I’m putting a call out to calculus teachers and calculus aficionados out there. I want to know how you transition to teaching integration, and why you cho0se to do it that way. And if you have any activities, investigations, etc., that you can send me, I’d love to have them (and post them here for other calculus teachers).
I’m not super pleased with, but I don’t hate, what I’m going to be doing tomorrow.
Here’s the deal. I just gave my last test on differentiation today, and tomorrow I’m transitioning to teach integration. I teach a regular (non AP) calculus class, so we can take our time. At the moment, I’m grappling with two things: (1) whether to teach anti-differentiation first and the notion of “area under the curve” second, or vice versa, and (2) how to make integration intuitive.
Last year, I transitioned by giving students a graph of and told them to find the shaded area. Those were my only instructions.
Some students made triangles, some students guestimated, some students made rectangles. I don’t remember all the different approaches. But then we had a discussion about how they estimated their areas, which then led to me transitioning to Riemann sums and a general introduction to the whole new unit. The thing I emphasized: “In all your previous math classes, you only learned how to find areas and volumes of silly little figures, like squares and cubes and maybe you remember a nonagon or cone. But what about crazy, strange, weird areas? Volumes of crazy, strange, weird figures? Did you ever wonder where the formula for the volume of a sphere come from? Calculus not only can answer questions about position, velocity, and acceleration, and how to maximize and minimize quantities, but it can do all this other stuff too.”
This year I’m not going to talk about areas under curves (yet). I’m going to start with two days of practicing antidifferentiation. I’m not going to say much to transition to this new material except to say that derivatives were the first part of the course and antiderivatives will be the second. And that we’ll soon be able to do a lot with them, like we found out we could with differentiation… Then I’m going to introduce the idea of the “opposite of differentiation” and spend the entire period having students build their intuition.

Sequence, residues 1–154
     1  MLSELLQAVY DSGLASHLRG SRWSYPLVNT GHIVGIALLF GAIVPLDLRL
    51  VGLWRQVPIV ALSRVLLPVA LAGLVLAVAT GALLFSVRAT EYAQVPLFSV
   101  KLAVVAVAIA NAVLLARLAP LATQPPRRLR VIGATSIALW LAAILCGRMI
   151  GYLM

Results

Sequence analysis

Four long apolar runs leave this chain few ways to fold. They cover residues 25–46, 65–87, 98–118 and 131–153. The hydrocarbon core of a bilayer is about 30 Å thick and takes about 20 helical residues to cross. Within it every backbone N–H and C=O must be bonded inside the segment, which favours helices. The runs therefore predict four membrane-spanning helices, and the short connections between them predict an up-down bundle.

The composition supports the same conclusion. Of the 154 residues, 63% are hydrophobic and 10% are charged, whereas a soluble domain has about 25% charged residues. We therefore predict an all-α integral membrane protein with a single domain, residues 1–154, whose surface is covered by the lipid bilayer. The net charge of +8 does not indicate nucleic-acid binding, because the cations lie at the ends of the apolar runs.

First, they’re going to do a matching game in pairs (PDF). We’ll then quickly debrief, but not really go into depth about any question.
Second, they’re going to work in a different set of pairs on just playing around with finding the antiderivative, by intuition and guess and check. I want them to learn to think through a problem. So I typed up what goes through my head when I try to do an antiderivative.
And then I’m letting them loose on a set of problems which should hopefully introduce them to some basic integration rules (PDF). I think it’ll take the whole period. And we’ll spend the next day debriefing. I want them to struggle through integration now. I want them to see why instead of memorize the power rule. I anticipate it to be kind of hellish for them; they — like most students — want formulaic ways to do calculus.
But just as I struggled to hone my students intuition (see my previous blog post) for differention, I wanted to make something similar for integration.
We’ll see what happens tomorrow.